SEATTLE (AP) -A federal judge denied a request Thursday to allow Seattle's deputy mayor testify in court that he and the mayor's office had no direct knowledge of a plan to inflict financial pain on SuperSonics owner Clay Bennett.
But U.S. District Court Judge Marsha Pechman did allow into the record a deposition by deputy mayor Tim Ceis that he never saw the so-called ``poisoned well'' documents that were presented in court last Friday.
The documents showed that a Seattle group that included former U.S. Sen. Slade Gorton, whom the city hired to lead its efforts to keep the Sonics in town, sought to have Bennett sell the team to local investors rather than move it to Oklahoma City, his hometown.
Pechman's rulings came on the final day of the six-day trial over whether the Sonics will stay for the final two years of their lease in KeyArena or move to Oklahoma City.
The Sonics believe that Seattle officials have ``unclean hands'' from inappropriately trying to drain the finances of team owners and want the judge to ignore the city's claim that the team must honor a clause of specific performance in its lease to play in the NBA's smallest venue through the 2009-10 season.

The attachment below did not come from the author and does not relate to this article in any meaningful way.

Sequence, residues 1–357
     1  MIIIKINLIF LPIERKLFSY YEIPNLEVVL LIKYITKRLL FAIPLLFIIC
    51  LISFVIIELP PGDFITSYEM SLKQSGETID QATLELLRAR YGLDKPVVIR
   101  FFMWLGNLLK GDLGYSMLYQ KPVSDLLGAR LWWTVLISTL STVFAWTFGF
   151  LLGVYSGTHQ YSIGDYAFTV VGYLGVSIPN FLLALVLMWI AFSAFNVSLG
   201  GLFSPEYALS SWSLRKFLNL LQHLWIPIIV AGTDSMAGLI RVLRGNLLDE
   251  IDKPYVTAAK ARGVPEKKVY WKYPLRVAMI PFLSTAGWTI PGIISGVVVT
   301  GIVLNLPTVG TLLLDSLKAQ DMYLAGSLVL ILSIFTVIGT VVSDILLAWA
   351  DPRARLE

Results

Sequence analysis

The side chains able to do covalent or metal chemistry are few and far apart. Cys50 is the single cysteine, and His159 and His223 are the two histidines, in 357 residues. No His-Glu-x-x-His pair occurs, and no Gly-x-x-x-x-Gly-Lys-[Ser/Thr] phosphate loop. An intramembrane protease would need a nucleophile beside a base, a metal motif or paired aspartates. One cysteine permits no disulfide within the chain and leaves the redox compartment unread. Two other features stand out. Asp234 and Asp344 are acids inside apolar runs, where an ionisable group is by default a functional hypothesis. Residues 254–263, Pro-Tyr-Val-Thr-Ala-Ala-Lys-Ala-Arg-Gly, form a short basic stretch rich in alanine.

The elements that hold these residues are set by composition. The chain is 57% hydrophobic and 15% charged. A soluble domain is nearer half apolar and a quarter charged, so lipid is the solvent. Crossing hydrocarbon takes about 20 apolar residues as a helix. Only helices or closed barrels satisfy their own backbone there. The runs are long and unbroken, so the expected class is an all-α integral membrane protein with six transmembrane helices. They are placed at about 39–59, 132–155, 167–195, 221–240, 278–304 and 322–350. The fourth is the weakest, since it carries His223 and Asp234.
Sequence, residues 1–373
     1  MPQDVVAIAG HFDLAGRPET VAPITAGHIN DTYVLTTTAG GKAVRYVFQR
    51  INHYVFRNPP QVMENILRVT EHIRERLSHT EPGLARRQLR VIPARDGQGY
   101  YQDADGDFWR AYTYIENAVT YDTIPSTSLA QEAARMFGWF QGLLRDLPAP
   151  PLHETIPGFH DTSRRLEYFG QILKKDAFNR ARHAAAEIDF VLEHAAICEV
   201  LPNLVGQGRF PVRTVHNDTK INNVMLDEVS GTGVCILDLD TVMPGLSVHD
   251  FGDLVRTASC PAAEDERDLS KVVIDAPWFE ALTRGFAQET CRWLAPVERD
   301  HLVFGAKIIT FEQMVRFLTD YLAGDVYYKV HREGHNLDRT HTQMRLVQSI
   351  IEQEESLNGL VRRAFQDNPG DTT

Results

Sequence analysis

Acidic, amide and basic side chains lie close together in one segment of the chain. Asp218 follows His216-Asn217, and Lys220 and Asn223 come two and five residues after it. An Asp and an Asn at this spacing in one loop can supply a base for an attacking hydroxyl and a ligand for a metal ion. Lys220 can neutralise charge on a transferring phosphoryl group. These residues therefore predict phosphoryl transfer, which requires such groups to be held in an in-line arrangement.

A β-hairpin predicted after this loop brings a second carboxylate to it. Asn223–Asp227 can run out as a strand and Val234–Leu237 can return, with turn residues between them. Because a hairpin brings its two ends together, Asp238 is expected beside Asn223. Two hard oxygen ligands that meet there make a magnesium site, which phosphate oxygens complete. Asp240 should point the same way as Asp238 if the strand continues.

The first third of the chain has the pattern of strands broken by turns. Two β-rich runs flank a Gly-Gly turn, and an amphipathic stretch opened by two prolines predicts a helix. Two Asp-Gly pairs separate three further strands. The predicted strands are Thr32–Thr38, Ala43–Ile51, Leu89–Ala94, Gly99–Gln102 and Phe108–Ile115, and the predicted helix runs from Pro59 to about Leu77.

The city countered that elected leaders such as the mayor or his office were not aware of the plan.
Thursday morning began with Sonics lawyer Brad Keller finishing his questioning of Seattle Councilman Nick Licata.
Keller repeatedly questioned Licata on his comment to Sports Illustrated magazine in 2006, when he was City Council president, that the Sonics' departure would have a ``near-zero impact'' on the economics and cultural affairs of the city.
``It was a flippant remark, made off the cuff,'' Licata said.
The city has been attempting to show the Sonics have an intangible value to Seattle that cannot be quantified - or compensated by the buyout of the final two seasons of the lease. The team believes a buyout would satisfy the agreement and should free it to move.
Under questioning by city lawyer Greg Narver, Licata admitted he was a ``hard-line critic'' of public financing for professional sports stadiums. Narver then introduced a copy of an e-mail newsletter from Licata to Seattle residents soon after the article was published in which he described his comment to Sports Illustrated as a ``glib, foolish remark'' that was ``smug and wrong.''
``Moments after I said that quote, I realized it probably wasn't accurate ... and I felt bad about that,'' Licata said, adding he heard complaints from some of his constituents.
``Sitting here today, do you believe the cultural value of the Sonics is near zero?'' Narver asked.
``No, I don't,'' Licata said.
The Sonics rested their case 52 minutes into the day, pending their closing arguments. The city rested its case after Pechman's ruling. Closing arguments were set for later in the day, after which Pechman was expected to announce when she will issue her verdict.

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